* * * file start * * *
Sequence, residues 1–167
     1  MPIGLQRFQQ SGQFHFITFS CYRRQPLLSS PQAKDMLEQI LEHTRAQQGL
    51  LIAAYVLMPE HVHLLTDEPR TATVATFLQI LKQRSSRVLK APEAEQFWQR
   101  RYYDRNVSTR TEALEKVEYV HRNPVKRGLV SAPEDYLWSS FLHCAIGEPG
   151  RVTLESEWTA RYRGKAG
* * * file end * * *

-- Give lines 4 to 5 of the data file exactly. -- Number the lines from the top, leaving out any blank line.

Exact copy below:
   101  RYYDRNVSTR TEALEKVEYV HRNPVKRGLV SAPEDYLWSS FLHCAIGEPG
   151  RVTLESEWTA RYRGKAG